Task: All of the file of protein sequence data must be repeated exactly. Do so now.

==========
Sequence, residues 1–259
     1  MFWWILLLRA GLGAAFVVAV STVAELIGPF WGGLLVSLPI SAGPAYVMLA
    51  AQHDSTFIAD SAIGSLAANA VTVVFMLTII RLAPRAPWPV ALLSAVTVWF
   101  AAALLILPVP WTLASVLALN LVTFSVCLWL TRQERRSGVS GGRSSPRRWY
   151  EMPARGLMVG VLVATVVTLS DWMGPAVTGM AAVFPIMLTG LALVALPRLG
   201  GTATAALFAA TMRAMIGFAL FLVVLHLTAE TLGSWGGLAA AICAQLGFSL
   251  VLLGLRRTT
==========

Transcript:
Sequence, residues 1–259
     1  MFWWILLLRA GLGAAFVVAV STVAELIGPF WGGLLVSLPI SAGPAYVMLA
    51  AQHDSTFIAD SAIGSLAANA VTVVFMLTII RLAPRAPWPV ALLSAVTVWF
   101  AAALLILPVP WTLASVLALN LVTFSVCLWL TRQERRSGVS GGRSSPRRWY
   151  EMPARGLMVG VLVATVVTLS DWMGPAVTGM AAVFPIMLTG LALVALPRLG
   201  GTATAALFAA TMRAMIGFAL FLVVLHLTAE TLGSWGGLAA AICAQLGFSL
   251  VLLGLRRTT